The first Lublin Issues

Fischer 17-19 | Michel 17-19 | Scott 27-29 | Year of issue 1918 | Pre-war Poland

After World War I, Poland became a free country again. Poland recovered its independence and was called the Second Republic. The first stamp issues were Austro-Hungarian and German stamps overprinted "Poczta Polska" (Polish Postage). Overprinted stamps were issued in Warsaw, Lublin, Kraków, Poznań and Gniezno. Overprints were temporarily used until Poland was able to produce stamps of its own.
In Southern Poland, issues from Lublin and Kraków were used. Before being overprinted, these stamps were Austro-Hungarian military field post stamps. Some stamps are signed on the reverse side.
The stamps are issued in Korona/Halerzy denomination, derived from the Austrian Kronen/Heller.

Fischer 17 Karl I Fischer 18 Zita of Bourbon-Parma Fischer 19 Karl I
17
Karl I
18
Zita
of Bourbon-Parma
19
Karl I
overprinted with the Polish eagle

Glossary

The eagle is the coat of arms of Poland.
Karl I was the last emperor of the Austro-Hungarian double monarchy. He was married with Zita of Bourbon-Parma.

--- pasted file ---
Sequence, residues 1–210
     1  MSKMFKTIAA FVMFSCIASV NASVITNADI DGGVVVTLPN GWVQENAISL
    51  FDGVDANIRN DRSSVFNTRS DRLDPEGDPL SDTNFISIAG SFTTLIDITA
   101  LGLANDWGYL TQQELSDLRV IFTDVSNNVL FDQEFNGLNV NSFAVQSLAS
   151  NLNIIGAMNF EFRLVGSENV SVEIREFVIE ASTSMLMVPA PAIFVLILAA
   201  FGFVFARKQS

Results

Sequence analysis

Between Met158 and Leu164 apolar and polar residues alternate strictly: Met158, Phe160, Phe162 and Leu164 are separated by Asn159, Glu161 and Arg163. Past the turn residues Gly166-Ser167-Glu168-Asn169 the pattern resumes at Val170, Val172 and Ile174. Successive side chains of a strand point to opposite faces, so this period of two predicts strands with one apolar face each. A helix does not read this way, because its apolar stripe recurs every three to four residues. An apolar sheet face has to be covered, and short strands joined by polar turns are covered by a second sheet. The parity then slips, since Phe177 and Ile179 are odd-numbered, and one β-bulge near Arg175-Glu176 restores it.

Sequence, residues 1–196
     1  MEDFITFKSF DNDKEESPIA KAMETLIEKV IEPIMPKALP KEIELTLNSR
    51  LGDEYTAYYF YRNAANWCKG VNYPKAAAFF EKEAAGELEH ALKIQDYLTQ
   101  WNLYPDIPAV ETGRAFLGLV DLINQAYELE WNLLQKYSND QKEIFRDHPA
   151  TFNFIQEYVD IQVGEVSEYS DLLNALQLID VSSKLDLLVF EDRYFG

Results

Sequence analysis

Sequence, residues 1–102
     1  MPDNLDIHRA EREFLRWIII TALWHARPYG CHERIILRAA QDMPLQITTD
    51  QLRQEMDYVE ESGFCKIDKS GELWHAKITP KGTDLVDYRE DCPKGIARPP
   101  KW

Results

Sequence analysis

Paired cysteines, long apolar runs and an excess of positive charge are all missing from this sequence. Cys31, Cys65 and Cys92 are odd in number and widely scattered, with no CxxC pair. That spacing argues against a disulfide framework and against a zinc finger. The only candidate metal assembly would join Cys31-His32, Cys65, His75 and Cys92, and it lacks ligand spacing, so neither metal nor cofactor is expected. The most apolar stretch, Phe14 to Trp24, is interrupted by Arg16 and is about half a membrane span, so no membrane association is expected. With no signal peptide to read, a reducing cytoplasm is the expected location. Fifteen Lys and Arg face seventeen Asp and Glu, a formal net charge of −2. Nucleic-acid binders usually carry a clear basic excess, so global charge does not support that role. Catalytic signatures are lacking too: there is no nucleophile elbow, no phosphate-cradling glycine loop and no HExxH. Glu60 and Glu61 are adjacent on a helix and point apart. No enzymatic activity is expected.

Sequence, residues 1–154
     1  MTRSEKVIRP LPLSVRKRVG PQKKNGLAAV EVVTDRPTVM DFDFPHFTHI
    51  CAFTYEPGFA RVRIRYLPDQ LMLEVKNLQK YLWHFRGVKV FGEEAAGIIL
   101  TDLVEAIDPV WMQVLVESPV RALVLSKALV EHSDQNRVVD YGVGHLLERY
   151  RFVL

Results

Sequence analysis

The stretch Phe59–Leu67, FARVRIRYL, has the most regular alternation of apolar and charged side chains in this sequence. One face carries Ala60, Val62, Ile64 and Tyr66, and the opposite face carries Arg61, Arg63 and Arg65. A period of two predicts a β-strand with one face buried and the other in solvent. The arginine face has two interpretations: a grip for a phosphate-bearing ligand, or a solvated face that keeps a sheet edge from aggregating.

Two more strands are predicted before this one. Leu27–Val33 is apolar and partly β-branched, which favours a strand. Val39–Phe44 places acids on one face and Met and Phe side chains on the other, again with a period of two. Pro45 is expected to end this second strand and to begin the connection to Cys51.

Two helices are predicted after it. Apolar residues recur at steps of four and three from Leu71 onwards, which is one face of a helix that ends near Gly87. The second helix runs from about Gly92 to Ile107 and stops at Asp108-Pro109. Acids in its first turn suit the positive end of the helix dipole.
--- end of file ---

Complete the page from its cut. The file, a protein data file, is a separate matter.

The Karl's Fund is a charity surcharge for Austria.
Lublin is a city in Poland from which these stamps were issued.

Translations

K(aiserliche) und K(önigliche) Feldpost = Emperial and Royal field post.
Karlfonds = Karl's Fund.

Relevant pages

The original Austro-Hungarian military field post stamps
The Lublin issues Part 2 (Fischer 20-29)

Resources

Stamps and the postal history of Austria
The Austro-Hungarian army 1914-18 for collectors of its postal items by John Dixon-Nuttall
History of Poland (1918-1939)
Second Republic of Poland
Austria Hungary
Warsaw
Lublin
Kraków
Poznań
Gniezno
Austro-Hungarian Krone
Heller
K.u.k. Monarchy
Karl of Austria
Zita of Bourbon-Parma
Coat of arms of Poland

Cancellations


Cancellations of Fischer 17-19

Reverse overprints

Fischer 17 Reverse overprint
Fischer 18 Reverse overprint
Fischer 19 Reverse overprint

17No

18No

19No